From Insularity to Exteriority: How the Anglosphere is Shaping Global Governance

From Insularity to Exteriority: How the Anglosphere is Shaping Global Governance

Since the beginning of this century, the governments of the five Anglosphere countries, Australia, Canada, New Zealand, the United Kingdom (UK) and the United States (US), have steadily deepened their domestic policy collaboration. 


Using exclusive and insular transgovernmental networks made up of the most senior levels of decision-making – usually self-titled as a ‘Five countries group,’ a ‘Quintet,’  or some quintuple variation – senior officials have established regularised channels of policy learning, coordination and collaboration. 

To date, this has largely been an inward-facing alliance predicated on intersecting visions of national identity and interest. There are nearly forty networks (see Legrand, 2019) spanning the gamut of (domestic) public policy: matters of law, immigration, policing, economic policy and COVID-19, and many more (See also Legrand, 2015 and 2020 forthcoming. Yet as the success of the Anglosphere’s transgovernmental networks has become apparent, so too has an emerging appetite for consolidating their collective capacities to externalize  their association to influence global governance. 

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Set out in this paper is the two-level strategy that mobilizes  a concerted Anglosphere axis of global action for economic or political gain. The first level is consolidated action within established multilateral international organizations, such as the UN or WTO. The second is operating as an autonomous body: a polylateral international organization to develop regulatory standards and conditions for finance and technology firms, and exert global pressure independent of the diplomatic horse-trading and stalemates found in IOs. 

A Consolidated Anglosphere within established multilateral international organizations

At this first level, there are clear signals that the Anglosphere states have cohered, or are at least seeking a collective strategy, within established international organizations. In immigration governance, for example, the ‘5 Nations’ network (now styled as the Migration 5 and Border 5) has for several years worked collaboratively to agree ‘a common approach to current topics in international forums,’  specifically International Civil Aviation Organization’s international travel standards, including identity and passport authentication standards.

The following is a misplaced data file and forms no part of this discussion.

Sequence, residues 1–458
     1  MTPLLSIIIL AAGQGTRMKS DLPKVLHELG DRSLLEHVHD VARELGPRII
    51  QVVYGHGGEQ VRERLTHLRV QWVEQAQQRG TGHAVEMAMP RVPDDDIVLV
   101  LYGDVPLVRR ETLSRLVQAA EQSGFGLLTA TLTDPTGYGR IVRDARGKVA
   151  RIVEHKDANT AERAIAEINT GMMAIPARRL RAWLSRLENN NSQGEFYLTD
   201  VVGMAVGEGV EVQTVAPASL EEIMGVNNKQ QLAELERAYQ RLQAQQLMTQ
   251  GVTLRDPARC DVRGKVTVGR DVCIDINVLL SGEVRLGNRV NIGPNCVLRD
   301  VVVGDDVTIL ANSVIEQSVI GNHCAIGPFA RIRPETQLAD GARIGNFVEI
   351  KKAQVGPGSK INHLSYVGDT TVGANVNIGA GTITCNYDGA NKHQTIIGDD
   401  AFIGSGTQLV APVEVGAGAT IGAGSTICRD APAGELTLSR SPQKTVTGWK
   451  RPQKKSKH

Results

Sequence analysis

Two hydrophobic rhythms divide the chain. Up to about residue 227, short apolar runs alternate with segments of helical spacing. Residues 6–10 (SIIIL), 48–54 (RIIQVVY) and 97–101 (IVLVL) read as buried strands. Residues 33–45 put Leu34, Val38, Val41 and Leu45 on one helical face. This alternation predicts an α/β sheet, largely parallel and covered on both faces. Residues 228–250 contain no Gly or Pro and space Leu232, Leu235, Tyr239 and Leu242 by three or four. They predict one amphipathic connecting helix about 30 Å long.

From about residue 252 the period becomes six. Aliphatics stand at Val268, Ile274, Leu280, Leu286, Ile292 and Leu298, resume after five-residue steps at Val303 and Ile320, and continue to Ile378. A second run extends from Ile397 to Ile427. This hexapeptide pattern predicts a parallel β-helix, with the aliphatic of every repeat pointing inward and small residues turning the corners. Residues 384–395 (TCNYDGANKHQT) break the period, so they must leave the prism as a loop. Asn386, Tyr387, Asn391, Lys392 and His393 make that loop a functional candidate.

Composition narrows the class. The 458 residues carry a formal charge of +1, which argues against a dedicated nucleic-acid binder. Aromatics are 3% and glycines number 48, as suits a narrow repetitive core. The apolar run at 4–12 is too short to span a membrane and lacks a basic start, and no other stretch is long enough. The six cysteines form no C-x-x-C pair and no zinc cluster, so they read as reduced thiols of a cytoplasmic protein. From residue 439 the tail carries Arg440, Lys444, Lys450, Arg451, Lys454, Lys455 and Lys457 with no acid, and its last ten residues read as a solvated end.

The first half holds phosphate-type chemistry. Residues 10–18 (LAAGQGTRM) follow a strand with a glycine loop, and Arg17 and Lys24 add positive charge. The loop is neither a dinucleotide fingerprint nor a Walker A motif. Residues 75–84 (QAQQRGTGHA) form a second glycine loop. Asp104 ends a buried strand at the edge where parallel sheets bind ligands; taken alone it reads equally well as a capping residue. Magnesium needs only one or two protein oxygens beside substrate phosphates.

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In a similar vein, in 2018, the five states worked collaboratively to combat global human trafficking. At a UN General Assembly Side Event in 2018, the US State Department announced this shared strategy: “Principles To Guide Government Action To Combat Human Trafficking in Global Supply Chains”, signalling their willingness to act collectively: 

Similar initiatives to act in concert are apparent elsewhere. The Anglosphere’s ‘Quintet of Attorneys General’ in 2019 announced a common position of support for the Budapest Convention and the United Nations Open-Ended Intergovernmental Expert Group on Cybercrime, as well as earlier G20 and FAFT initiatives on illicit finance. With the UK’s impending departure from  EU trade mechanisms, their partnership with Anglosphere states in the WTO seems certain to figure. Indeed, the then UK International Trade Secretary Liam Fox has already entered talks with ‘close multilateral partners’ – the WTO ambassadors from Anglosphere states.

As a group of countries with a combined central government spending of more than USD 600bn in 2017, we recognize that we have significant financial leverage and policy options at our disposal that can help to prevent human trafficking in global supply chains.

US Department of State, 2018

The Anglosphere as autonomous axis